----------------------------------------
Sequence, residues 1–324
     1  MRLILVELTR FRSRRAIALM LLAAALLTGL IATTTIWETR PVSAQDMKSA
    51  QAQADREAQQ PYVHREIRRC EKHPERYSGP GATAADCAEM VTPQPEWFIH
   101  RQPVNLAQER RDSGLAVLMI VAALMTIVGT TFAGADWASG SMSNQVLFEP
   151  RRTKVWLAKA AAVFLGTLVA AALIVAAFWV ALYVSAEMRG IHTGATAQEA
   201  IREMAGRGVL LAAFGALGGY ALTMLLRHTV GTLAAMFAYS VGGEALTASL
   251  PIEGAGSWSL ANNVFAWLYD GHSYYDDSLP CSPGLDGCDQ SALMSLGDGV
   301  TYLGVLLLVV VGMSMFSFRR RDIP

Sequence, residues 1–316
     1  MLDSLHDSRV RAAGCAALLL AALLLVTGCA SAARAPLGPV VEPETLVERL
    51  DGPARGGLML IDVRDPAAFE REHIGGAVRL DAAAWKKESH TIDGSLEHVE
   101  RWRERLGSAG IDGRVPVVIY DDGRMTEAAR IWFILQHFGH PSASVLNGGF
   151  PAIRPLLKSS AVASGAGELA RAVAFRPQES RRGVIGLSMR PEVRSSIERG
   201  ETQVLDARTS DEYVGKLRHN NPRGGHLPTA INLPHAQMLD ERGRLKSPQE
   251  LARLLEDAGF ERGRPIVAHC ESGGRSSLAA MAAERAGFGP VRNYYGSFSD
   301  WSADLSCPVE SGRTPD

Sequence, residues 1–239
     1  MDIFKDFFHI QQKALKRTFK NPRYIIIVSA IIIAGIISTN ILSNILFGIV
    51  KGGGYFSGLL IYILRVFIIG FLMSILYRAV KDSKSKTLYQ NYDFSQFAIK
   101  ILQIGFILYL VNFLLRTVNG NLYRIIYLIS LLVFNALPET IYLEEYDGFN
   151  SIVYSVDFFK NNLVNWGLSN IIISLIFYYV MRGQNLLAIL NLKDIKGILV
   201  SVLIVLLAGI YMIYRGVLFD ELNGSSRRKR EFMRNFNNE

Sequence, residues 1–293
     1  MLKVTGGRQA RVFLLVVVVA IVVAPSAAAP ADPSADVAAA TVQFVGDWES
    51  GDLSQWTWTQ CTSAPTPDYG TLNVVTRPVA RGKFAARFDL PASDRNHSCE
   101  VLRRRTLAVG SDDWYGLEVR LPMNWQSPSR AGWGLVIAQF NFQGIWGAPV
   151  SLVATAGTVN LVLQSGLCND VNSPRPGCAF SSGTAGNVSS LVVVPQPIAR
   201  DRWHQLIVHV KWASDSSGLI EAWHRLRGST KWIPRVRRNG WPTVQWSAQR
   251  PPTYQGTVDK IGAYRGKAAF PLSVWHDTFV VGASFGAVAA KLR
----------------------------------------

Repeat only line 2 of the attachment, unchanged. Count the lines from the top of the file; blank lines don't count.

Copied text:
     1  MRLILVELTR FRSRRAIALM LLAAALLTGL IATTTIWETR PVSAQDMKSA